“What is the secret of great comedy?” …..

Published by Info @conpher on

Subtitle: “When and where to publish your research”.

The ultimate goal for most research projects is to be published in a well-respected, peer-reviewed journal. Yet, with over 30,000 scholarly journals available to researchers, you are entitled to feel lost when it comes to selecting the one you want to submit your work to.

Timing

Everybody in the world knows Rowan Atkinson. Mr Bean. Funny, funny guy! And most people have seen the film Four Weddings and a Funeral, written by Richard Curtis. Richard and Rowan were university friends at Oxford where they started writing and performing comedy. One of their earliest recorded jokes on stage was the following:

Rowan asks Richard: What is the secret to great comedy?

However, before Richard can finish his reply,

Rowan interrupts, “timing.”

We cannot recreate their comic genius here, but timing can be everything when selecting a journal. Has anyone ever advised you to select the journal you wish to submit to before concluding your research, organizing your data and thoughts, and starting to write? Sounds back to front, doesn’t it? But think for a minute, journals have their own rules about length, format, style, layout, and more. This means it’s helpful to abide by their structure from the start. You’ll save yourself time rewriting, reconstructing, and restarting if you examine the author guidelines before you even start.

Another reason to start early is to give yourself time to make a decision. Especially if you’re working with colleagues and co-workers, it can take months to come to a consensus. This isn’t something you want to consider on a rushed deadline. If career level or budget are considerations as well, you also have time to evaluate the best course of action.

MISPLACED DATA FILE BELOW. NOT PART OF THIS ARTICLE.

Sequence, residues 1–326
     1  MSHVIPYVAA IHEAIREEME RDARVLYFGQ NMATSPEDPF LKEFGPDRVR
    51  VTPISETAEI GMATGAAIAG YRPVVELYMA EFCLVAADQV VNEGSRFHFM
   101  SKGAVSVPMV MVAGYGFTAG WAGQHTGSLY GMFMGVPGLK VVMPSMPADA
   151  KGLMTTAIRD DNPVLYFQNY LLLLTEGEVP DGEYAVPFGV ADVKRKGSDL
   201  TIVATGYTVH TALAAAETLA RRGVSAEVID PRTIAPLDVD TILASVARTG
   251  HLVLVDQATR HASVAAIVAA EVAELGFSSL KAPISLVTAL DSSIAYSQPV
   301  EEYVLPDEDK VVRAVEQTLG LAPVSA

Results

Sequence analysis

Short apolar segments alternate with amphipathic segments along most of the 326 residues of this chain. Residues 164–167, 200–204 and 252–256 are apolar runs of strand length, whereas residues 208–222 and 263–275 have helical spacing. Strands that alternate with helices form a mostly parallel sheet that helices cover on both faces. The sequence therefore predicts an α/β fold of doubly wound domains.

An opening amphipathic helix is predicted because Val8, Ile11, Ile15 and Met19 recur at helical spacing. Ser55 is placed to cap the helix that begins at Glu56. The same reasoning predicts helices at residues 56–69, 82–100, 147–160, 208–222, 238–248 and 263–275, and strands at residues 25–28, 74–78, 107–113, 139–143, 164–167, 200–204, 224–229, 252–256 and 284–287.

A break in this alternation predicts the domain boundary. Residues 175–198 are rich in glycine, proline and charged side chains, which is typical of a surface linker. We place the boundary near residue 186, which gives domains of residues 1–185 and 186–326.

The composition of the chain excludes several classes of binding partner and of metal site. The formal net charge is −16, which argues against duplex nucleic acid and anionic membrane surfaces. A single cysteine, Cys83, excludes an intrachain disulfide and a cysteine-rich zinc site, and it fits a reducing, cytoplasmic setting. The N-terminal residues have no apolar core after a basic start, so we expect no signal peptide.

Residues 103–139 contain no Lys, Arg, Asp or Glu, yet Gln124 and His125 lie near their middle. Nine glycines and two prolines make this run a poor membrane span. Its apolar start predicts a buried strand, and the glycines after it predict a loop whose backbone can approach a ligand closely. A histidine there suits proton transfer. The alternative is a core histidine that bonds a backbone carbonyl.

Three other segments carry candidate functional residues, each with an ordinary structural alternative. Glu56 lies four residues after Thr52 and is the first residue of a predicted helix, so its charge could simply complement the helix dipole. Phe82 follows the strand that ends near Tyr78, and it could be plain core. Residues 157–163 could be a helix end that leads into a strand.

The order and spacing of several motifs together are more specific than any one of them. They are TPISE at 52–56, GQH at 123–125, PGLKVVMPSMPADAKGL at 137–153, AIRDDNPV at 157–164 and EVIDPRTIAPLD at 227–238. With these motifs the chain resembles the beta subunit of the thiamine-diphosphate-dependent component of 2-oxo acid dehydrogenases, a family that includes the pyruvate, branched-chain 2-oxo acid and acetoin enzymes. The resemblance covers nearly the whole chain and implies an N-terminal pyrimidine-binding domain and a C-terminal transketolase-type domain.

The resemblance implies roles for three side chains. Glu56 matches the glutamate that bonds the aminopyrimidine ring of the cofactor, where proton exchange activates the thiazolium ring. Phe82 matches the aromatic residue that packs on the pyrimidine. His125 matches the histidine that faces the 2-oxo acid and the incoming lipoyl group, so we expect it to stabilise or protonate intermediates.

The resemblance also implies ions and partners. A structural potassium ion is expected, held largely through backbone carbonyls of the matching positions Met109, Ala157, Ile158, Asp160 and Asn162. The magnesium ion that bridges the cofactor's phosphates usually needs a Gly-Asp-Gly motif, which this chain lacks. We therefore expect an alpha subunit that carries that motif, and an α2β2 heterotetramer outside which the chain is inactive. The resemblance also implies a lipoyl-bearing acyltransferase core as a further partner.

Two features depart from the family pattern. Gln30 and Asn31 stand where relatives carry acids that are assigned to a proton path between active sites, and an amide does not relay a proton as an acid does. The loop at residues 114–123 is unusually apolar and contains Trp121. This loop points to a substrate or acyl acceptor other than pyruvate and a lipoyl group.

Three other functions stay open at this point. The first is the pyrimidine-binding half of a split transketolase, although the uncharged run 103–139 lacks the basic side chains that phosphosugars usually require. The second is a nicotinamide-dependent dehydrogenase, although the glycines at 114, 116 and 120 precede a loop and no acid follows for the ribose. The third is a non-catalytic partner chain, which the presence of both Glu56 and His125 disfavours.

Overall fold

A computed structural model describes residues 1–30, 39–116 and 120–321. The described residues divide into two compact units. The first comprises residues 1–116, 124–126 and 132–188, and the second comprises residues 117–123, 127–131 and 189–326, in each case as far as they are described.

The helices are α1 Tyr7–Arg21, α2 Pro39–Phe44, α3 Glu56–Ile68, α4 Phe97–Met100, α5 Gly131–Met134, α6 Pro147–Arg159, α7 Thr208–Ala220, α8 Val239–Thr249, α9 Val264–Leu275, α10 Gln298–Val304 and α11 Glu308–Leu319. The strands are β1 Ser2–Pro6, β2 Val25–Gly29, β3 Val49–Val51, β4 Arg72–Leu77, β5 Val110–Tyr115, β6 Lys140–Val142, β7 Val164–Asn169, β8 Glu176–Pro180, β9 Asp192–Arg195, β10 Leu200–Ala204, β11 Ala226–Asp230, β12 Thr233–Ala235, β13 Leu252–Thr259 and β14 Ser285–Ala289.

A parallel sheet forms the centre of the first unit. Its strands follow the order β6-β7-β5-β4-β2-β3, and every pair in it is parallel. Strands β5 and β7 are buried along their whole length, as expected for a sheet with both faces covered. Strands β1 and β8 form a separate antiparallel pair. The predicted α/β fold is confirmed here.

The conpher team have drawn up their checklist to help you navigate the criteria and timing for choosing the optimal journal.

7 tips on how to select the journal for you

  1. Who do you want to discover your work? Select a journal that aligns with the story that you want to tell and appeals to the people who regularly read it. 
  2. Match your article to the journal. Try and determine prior to submission whether the journal has published content similar to your article. Look at past issues of that journal and think about whether your research would fit well alongside what they selected.
  3. Building your CV. Some of us consider what the journal will do for our CV. Others don’t. You do what is best for you!
  4. Cost. Publishing can cost money. It could be an open access publication fee, but also be aware of colour charges or page fees!
  5. Accessibility. Consider whether the journal is open-access (free online) or subscription-based. Can your colleagues access the journal? If the journal is behind a paywall, will this reduce your target audience?
  6. Speed. It is possibly more important for some subjects than others, but fundamentally, why should you wait for months, even years to see your work in publication?  
  7. Be aware of fake or predatory journals. An unfortunate and unnecessary by-product of open access publishing has been the appearance of unscrupulous journals that take your money and do nothing for your research. They do not care about you or your work – you should not care to publish with them. They can be hard to spot, but if you are in any doubt, ask a colleague, or ask us here at conpher!
  8. …..and one for free…..use conpher 🙂

Final thoughts

Sounds complicated, frustrating and stressful. It can be all of these and more, but if you get it right…… and remember – conpher is here to help you succeed. We are collecting all the success stories (and the nightmares!) from your colleagues, to help show you the best solutions!

share your advice now!

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